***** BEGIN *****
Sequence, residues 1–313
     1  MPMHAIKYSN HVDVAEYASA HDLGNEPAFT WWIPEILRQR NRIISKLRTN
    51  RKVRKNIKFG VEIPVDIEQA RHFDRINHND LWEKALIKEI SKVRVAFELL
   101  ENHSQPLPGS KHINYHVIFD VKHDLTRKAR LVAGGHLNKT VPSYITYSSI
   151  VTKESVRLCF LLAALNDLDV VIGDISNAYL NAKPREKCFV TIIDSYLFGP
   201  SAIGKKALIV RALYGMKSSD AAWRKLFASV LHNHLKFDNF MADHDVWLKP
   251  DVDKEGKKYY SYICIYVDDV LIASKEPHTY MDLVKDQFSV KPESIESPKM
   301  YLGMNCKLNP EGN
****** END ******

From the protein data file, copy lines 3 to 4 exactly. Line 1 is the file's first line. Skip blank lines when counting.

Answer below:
    51  RKVRKNIKFG VEIPVDIEQA RHFDRINHND LWEKALIKEI SKVRVAFELL
   101  ENHSQPLPGS KHINYHVIFD VKHDLTRKAR LVAGGHLNKT VPSYITYSSI